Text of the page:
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Quick Play: A round-up of March 2007 album releases

We've listed albums in order of star rating. Best first.

FIREWORKS NIGHT As Fools We Are (Kartel)

Fireworks Night is a shifting band of musicians led by 25 year old Oxford graduate James Lesslie.

As Fools We Are is the band's second album recorded primarily in Jersey. Full of doom-laden lyrics (think Johnny Cash) but supported by a wide variety of traditional and modern day instruments it makes for a haunting mix.

Plaintive and lovely songs delivered with joyous gloom, As Fools Are would sit neatly next to Ray LaMontagne on your cd shelf. If you like you singer songwriters deep dark and thoughtful, look no further. ***½

Review by Pete Whalley

MICK STERLING Between Saturday Night And Sunday Morning (Bad Reputation)

A long standing musician, big in America, the opening title track is a near unique blend of blues rock with soul and a nod at country. Kinda funky, not too dissimilar to Ian Hunter.

'It's Been A Long Time' is a down dirty honest blues rock track, the background fills on keyboard sounding polished. 'You Don't Know What Dirty Is' is more R'n'B, an element of Chris Rea too.

There are acoustic moments too, it's a pleasant album, very nice in places. 15 good tracks, but only a handful really bite. ***

Review by Joe Geesin

FATAL SMILE Neo Natural Freaks (Bad Reputation Records)

Indie sounding metal that hits you with a burst, the title track is an interesting almost catchy number. 'Bleeding Kiss' is slower, almost extreme. Like melodic Tank!

'Crash & Burn' has a nice intro before the guitars really do crash and burn. 'Learn Love Hate' has a Metallica edge, slightly more melodic but with a rougher dirtier edge. A hint of dark grungy Saxon too.

Couple of nice vocal harmonies but the main emphasis is the dirty riff which works well. ***

Review by Joe Geesin

FORCEFEED Stainless (Avalanche Music)

An extreme metal set, opening in an electronic industrial fashion before the full blast sonic riffs kick in. 'In Spite Of You' opens with a nice bass riff before the twin guitars just blow your ears away. Slow elements too.

Touches of Machine Head and Soulfly. 'Honesty' is equally brutal, the vocals mixing singing with cement mixer, and 'No One' adds some very heavy machine gun drums. It's all largely a similar tempo, and most of it mid range, making for a samey feel. A couple of decent melodies under the noise though. ***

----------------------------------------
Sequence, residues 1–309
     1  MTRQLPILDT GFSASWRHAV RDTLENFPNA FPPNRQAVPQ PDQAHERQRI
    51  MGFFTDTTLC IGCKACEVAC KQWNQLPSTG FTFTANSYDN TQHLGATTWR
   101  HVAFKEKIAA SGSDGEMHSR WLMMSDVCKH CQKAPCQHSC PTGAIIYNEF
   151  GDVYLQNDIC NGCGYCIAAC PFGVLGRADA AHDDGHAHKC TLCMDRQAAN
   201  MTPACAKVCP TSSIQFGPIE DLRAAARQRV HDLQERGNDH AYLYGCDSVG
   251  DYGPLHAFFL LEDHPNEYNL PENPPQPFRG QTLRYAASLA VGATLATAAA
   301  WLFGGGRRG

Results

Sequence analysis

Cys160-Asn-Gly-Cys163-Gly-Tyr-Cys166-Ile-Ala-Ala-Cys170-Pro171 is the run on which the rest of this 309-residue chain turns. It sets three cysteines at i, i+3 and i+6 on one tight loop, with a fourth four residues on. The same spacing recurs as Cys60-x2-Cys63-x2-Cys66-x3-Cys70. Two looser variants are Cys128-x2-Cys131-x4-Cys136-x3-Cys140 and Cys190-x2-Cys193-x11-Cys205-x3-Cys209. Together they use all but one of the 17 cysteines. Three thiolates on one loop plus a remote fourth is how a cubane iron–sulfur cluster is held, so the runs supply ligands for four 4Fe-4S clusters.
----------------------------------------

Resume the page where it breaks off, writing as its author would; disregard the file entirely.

Review by Joe Geesin

MARK SWEENY Slow Food (NL Distribution)

Sweeny is a vocalist who's done a lot of work, including fronting Chrystal Ball, and other projects as produced, backing vocals etc. This solo album could equally be a solo album by multi instrumentalist Michael Borman who co-writes and also plays most of the instruments.

There are some nice tunes here, some great melodies, but the music is nothing special. It's kind of typical mid 80s rock/pop. Not necessarily AOR, just ordinary rock. The vocals are good, with range, melody and emotion.

And part of the melody of 'Don't Hold Back The Tears' is very reminiscent of Gary Moore's 'After The War', only done in a more strumming fashion. **

Review by Joe Geesin

SWITCHBLADE Rock N Roll Perris Records PER1862

Switchblade's new album is crunching guitar, sleazy rock n roll that will please fans of Circus Of Power, Junkyard etc. From the AC/DC style opening chords of 'Mr Big Shot', the powerful 'Rocker' and other highlights 'Desert Train' and 'Man On The Run', the band mean business. Vocalist Ken Anthony guarantees fans raw, high energy, in your face rock n roll with this album and that is what he delivers. **

Review by Joe Geesin

BRANT BJORK and THE BROS (Somera Sol Duna/Cargo Records)

Interesting rock album this, kicking off with a quirky bass riff on 'Turn Yourself On' that firstly grabs you but doesn't change at all, quickly becoming monotonous.

'Love Is Revolution' at least attempts a bit of a guitar solo but the rhythm, while interesting at times, changes little throughout. A touch of indie rock to 'Shrine Communications', a riff based on an arpeggio which sounds disjointed, given the guitar solo and vocals don't fit it at all.

Not all the songs are that bad , some are. Interesting moments but the ideas aren't explored or expanded enough, in some cases not even thought through. **

Review by Joe Geesin

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***** Out of this world | **** Pretty damn fine |
*** OK, approach with caution unless you are a fan |
** Instant bargain bin fodder | * Ugly. Just ugly

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